Take Action: Tell the mining company to respect the rights of Salvadorans
El Salvador, which is the smallest and most densely populated country in Central America, is already experiencing a clean water crisis, according to the UNDP, with more than 90 percent of the surface water contaminated. Concerned about the risk to water supplies from mining, after a mining site run by another company contaminated the San Sebastian River with toxic levels of cyanide and iron, the democratically-elected government announced in 2012 it would continue the de facto ban on mining. Tensions over mining have resulted in threats, violence and even murders, with three anti-mining activists killed – including environmentalist Dora Sorto, who was eight months pregnant when she was shot and murdered in 2009.
$301 Million: The amount OceanaGold is demanding from El Salvador
1/2: This would equal half of the country’s public education budget
40% of El Salvador lives in poverty
1,000x the amount of iron that is safe for human consumption was found in a river near a now closed mine – and 9 times the amount of cyanide considered safe
4 in 10: According to a UNDP study, by 2050 only 4 in 10 Salvadorans will have access to safe water
“It is not right to risk the health of the population so that a few who do not live here can take 97 percent of the juicy profits and leave us with 100 percent of the cyanide.” -Monseñor Fernando Saenz La Calle
OceanaGold sues el Salvador
Pacific Rim, which was acquired by OceanaGold last year, failed to meet three key legal requirements for a mining permit:
- It failed to get government approval for its Environmental Impact Study;
- It did not submit a required feasibility study; and
- It was not even close to meeting the requirement that it held titles to (or permission to mine in) all the land for which it requested a concession. Pacific Rim had less than 13 percent of the required land holdings.
It also lacks the “social license” to operate. The lack of land titles demonstrates that contrary to the company’s claims the majority of the local population was not – and is not – supportive of their plans to mine in Cabañas.
Instead of meeting those legal requirements, the company made a conscious decision to spend millions of dollars lobbying for a new mining law that the company wrote, a law that would do away with the requirements it could not meet. It also spent millions of dollars in a public relations campaign in the local communities that split families and put neighbor against neighbor.
Having failed to push the law through, OceanaGold bypassed El Salvador’s democratically-elected government and sued to pressure El Salvador to pay hundreds of millions of dollars.
Our work in El Salvador
Oxfam is working with grassroots organizations in El Salvador on a campaign to support the country in its debate over mining and the OceanaGold lawsuit. In July 2014, Oxfam supported Salvadoran organizations in the filing of amicus curiae before the International Centre for the Settlement of Investment Disputes (ICSID) at the World Bank, which is hearing the case. The goal was to strengthen the position of the Salvadoran state. We are also working to get OceanaGold to drop the lawsuit and leave El Salvador, or persuade the ICSID to rule in El Salvador’s favor.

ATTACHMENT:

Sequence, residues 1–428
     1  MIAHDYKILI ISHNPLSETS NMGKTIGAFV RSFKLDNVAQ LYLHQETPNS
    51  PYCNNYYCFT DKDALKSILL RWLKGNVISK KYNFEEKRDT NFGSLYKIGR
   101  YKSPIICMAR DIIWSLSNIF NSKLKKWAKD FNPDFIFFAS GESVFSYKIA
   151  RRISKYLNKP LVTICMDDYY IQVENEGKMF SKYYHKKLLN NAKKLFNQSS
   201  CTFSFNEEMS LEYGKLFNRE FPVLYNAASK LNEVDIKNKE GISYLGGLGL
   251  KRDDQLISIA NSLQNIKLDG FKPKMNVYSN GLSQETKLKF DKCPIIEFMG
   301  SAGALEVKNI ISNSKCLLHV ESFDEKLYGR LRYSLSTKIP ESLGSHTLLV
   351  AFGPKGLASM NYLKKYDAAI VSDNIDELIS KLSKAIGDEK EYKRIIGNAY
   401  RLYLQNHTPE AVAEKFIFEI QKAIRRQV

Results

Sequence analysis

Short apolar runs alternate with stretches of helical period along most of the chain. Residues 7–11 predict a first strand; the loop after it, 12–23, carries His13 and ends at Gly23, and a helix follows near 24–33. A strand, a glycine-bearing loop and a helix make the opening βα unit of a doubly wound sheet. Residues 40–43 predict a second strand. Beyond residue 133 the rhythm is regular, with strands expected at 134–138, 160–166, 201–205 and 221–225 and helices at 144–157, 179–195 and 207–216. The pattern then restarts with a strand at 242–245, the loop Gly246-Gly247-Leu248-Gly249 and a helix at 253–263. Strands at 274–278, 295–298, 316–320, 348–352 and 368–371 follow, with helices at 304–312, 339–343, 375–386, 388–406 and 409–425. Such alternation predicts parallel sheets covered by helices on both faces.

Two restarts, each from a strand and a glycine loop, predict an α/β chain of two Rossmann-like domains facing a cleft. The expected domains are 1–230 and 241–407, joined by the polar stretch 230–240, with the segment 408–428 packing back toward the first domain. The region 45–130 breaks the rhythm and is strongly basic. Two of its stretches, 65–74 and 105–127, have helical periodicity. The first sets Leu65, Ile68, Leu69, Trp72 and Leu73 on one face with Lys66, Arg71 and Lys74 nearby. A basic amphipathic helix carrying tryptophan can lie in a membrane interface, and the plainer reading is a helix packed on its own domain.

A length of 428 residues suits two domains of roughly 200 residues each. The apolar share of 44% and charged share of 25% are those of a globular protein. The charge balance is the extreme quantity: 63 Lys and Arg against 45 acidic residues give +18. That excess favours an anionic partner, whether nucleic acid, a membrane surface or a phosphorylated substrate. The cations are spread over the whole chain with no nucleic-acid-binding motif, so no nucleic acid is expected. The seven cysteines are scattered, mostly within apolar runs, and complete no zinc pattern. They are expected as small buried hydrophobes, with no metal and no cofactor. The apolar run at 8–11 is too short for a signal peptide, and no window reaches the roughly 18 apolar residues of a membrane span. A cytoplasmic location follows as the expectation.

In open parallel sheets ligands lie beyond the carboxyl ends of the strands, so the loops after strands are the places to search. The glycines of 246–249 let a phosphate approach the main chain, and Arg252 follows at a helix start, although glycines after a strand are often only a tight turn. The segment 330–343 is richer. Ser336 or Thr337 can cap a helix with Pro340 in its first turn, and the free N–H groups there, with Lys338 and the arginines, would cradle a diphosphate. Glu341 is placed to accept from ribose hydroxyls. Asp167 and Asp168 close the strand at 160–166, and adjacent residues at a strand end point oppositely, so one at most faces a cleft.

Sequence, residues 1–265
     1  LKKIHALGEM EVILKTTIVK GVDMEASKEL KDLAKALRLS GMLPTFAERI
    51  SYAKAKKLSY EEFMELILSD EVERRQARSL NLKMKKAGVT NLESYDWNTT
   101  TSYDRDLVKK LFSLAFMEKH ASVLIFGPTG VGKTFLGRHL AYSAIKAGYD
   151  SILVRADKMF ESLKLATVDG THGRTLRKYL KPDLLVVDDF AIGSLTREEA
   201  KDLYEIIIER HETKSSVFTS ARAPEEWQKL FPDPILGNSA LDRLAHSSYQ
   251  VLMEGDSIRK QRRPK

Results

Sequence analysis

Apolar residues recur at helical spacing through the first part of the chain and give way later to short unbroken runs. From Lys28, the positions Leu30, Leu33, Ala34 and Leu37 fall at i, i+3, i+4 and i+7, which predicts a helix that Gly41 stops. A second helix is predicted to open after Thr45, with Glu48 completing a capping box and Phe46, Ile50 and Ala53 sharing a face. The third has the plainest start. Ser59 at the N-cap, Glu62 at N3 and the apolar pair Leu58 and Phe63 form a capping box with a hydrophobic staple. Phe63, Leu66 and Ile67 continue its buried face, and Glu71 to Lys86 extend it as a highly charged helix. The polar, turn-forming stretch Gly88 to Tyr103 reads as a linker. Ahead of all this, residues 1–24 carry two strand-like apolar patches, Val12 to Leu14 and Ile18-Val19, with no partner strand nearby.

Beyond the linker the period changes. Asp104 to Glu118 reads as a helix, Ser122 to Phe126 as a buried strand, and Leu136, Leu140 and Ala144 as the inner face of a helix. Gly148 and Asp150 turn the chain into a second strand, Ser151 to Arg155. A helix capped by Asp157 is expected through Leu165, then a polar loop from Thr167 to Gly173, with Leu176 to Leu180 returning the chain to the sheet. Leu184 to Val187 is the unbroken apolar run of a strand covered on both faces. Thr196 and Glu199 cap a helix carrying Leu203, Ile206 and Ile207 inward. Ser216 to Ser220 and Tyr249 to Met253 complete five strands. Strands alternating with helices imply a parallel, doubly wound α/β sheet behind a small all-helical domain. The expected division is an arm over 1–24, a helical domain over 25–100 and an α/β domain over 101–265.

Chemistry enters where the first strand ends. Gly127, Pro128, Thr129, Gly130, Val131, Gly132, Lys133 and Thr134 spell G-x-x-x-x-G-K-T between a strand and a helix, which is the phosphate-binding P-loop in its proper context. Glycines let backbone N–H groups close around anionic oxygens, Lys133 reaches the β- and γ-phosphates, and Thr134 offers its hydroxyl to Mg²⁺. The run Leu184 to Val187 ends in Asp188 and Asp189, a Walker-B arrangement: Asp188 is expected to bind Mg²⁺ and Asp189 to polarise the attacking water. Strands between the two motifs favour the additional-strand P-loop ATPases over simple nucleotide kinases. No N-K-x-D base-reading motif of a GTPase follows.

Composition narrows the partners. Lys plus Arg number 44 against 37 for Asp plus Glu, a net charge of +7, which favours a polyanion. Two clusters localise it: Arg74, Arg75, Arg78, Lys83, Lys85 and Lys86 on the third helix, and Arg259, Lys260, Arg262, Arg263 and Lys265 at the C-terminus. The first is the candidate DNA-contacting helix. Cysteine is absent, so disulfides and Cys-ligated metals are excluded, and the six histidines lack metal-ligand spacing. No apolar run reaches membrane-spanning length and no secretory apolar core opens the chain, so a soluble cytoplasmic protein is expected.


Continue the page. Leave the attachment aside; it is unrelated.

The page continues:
In September, we protested with more than one hundred supporters outside of the World Bank as the hearing began behind closed doors. The message to the World Bank and OceanaGold was simple: Respect the rights of the people of El Salvador and drop this lawsuit.
Local communities, Oxfam America and several other organizations protested outside the World Bank in Washington, DC as hearings began on September 15 Alex Blair/Oxfam America
“The stakes for Salvadorans are high. The legal costs and a potentially negative outcome of the suit could deteriorate the government's capacity to prevent further migrations, curb the chronic insecurity in the country and implement policies for sustainable economic growth. A democratically elected government should not be punished for standing up for the common good.”
– The International Allies Against Mining in El Salvador
Oxfam and our partners will continue to pressure OceanaGold and the World Bank to respect the rights of the people of El Salvador and allow them to decide about their economic and environmental future. A decision on the case is not expected until early 2015.
Learn more and keep up with this story in our blog, or check out these posts:
- El Salvador in legal battle with mining company
- Salvadorans rally at the World Bank to celebrate independence
- 3 ways OceanaGold's suit against El Salvador calls corporate social responsibility 'good faith' into question
- Inside a secret hearing at a foreign tribunal, El Salvador awaits a verdict
- OceanaGold bails out Pacific Rim mining, but El Salvador is not for sale
- Resistance to Pacific Rim mining in El Salvador
- When a radio station fights poverty - and speaks the truth
- Salvadorians vote to exclude mining from town
Find out more about mining in Latin America by visiting Oxfam America’s extractive industries campaign.
Mining company must respect the people of El Salvador's rightsMembers of Congress urge El Salvador to protect environment and communities from miningDebunking Eight Falsehoods by Pacific Rim/ OceanaGold